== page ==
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Cocotinos Sekotong
Cocotinos Sekotong
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Cocotinos Sekotong Cocotinos Sekotong Cocotinos Sekotong

Luxurious Boutique Beach Resort and Spa, set amidst a Coconut Grove in Sekotong Bay

Design and Construction

The design for Cocotinos Sekotong is an evolution of the design used in the first Cocotinos resort: an eco-friendly retreat in a warm and cosy setting, surrounded by lush greenery and picturesque views of the ocean and the islands, but on a grander scale.

Styled after a traditional Indonesian village, the luxurious accommodations are built around the central complex comprising the restaurant and swimming pool, thus providing a focal point for guests to gather and mingle. However, for those wishing for more privacy, the beach front villas offer the perfect choice of accommodation. Within each of the front row villas is an infinity plunge pool that melds into the horizon; the Tangkong Villa and the Rinjani Villa are also equipped with ‘privacy screens’ to provide the ideal setting for romantic evenings.

All rooms are airy as a result of the gable roof, high ceilings and ventilation windows in the bathrooms. The judicious use of glass blocks, skylights and glass panels gives the bedrooms and bathrooms a well-lit ambience throughout the day without the use of artificial lighting. Large overhangs and deep verandahs provide shade and protection from the rain, a characteristic feature of a traditional Indonesian village dwelling.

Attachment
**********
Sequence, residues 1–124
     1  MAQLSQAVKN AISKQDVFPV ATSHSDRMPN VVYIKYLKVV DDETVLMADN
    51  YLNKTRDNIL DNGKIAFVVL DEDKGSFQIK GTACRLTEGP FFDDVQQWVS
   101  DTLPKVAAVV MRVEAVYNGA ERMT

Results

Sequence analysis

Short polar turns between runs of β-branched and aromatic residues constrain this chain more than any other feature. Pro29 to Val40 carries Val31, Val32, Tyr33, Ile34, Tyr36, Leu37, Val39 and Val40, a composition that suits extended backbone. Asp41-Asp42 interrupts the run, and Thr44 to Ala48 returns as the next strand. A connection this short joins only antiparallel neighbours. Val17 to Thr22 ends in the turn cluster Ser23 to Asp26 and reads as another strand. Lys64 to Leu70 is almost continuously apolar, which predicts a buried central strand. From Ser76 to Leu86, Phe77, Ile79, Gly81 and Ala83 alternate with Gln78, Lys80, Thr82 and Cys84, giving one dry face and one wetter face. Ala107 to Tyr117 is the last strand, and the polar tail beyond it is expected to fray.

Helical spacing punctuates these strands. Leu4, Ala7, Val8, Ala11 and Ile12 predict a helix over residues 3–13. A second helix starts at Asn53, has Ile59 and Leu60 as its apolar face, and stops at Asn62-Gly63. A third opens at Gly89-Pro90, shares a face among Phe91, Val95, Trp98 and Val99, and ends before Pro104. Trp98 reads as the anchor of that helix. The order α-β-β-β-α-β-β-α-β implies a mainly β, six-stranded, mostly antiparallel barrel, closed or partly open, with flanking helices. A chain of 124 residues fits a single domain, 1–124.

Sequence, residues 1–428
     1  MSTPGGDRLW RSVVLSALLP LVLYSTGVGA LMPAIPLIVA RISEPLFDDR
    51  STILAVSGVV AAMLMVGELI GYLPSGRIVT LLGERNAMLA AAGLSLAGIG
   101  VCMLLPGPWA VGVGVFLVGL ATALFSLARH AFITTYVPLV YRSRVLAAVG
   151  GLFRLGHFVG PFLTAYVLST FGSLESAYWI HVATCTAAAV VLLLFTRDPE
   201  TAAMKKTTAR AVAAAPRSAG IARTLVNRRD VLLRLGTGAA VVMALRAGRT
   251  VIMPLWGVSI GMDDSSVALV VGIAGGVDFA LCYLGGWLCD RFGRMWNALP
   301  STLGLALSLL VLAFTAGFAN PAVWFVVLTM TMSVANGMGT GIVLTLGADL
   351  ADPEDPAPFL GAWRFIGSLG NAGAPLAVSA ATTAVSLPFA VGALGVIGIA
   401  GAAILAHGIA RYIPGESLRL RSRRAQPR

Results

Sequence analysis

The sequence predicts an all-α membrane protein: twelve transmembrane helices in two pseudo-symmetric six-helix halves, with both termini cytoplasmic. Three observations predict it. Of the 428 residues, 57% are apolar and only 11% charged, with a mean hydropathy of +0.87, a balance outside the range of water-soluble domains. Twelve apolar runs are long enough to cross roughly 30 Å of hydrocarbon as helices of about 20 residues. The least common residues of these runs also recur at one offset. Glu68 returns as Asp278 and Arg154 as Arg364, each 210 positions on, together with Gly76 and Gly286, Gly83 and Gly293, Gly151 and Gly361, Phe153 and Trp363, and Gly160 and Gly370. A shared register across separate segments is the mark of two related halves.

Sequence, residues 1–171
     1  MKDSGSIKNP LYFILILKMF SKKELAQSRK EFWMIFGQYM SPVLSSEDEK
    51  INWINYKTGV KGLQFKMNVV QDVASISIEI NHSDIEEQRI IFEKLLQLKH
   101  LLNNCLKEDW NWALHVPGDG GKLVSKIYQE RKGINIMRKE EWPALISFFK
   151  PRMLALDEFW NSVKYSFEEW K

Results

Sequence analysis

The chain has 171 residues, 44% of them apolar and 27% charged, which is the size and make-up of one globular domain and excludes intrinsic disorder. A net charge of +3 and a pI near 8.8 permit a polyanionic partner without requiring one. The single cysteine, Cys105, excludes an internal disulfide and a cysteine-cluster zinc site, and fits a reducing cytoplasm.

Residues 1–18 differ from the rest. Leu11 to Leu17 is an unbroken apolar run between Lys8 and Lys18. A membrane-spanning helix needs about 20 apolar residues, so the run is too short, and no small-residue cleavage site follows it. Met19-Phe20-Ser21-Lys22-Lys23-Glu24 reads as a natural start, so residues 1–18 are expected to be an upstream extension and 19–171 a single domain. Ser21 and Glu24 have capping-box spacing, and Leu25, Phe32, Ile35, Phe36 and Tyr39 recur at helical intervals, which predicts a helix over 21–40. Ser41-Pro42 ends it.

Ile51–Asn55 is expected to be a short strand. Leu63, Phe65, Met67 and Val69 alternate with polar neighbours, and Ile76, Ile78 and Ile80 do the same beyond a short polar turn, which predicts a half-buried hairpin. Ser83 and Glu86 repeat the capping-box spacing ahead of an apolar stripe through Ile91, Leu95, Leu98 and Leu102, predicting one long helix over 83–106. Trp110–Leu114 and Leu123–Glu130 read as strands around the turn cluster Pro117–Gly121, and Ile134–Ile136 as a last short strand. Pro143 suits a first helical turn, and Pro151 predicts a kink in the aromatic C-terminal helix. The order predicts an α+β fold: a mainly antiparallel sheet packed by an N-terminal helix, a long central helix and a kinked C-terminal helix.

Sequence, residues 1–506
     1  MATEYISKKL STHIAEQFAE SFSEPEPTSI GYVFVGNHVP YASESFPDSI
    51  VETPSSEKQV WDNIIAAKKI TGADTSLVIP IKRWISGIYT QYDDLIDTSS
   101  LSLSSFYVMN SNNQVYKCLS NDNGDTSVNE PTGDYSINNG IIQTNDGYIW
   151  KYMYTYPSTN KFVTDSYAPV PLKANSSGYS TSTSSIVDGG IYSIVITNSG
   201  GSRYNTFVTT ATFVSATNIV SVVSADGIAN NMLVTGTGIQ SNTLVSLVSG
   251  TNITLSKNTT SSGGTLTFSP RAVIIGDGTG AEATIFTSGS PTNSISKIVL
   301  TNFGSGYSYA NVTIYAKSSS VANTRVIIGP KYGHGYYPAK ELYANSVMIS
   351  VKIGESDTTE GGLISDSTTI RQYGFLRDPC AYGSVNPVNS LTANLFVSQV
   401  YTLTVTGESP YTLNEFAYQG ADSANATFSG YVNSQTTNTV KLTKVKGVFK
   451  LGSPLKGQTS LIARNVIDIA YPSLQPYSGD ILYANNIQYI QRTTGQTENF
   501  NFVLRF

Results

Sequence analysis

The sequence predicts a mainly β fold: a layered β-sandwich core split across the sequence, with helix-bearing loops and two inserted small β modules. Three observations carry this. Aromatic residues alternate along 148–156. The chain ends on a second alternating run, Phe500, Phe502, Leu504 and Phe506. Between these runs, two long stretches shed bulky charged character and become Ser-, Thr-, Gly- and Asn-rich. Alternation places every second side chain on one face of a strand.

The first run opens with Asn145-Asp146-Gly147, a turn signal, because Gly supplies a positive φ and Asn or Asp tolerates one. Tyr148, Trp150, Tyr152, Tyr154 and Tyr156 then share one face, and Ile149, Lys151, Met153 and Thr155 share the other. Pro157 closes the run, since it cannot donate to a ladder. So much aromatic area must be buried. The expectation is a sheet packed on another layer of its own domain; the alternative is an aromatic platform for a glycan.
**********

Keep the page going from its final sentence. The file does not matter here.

Like the first resort in Manado, Cocotinos Sekotong was built using natural material that could be found in the vicinity of the resort and nearby areas. “Batu Air” or water rock is a weathered stone, gathered from the beach by the village women; these beautiful stones were featured prominently on columns, exterior walls and shower stalls inside the bathrooms. Corals washed up on the beach are also used on accent walls and in various niches around the resort. Indecit , a granitic green rock was hewed from large boulders in the nearby hills and used to construct the perimeter wall; it was also processed into pavers for the restaurant floor and used to tile the swimming pool. “Buluh Tui” (a thin local bamboo traditionally used for fishing ) was used for partitions in the verandahs and also featured on internal doors. “Sapu Lidi” (coconut leaf-stem) is used to create the rustic walls lights throughout the resort. Washed-pebble flooring in the bathrooms and corridors provides a non-skid surface that is both pleasant and safe to tread on.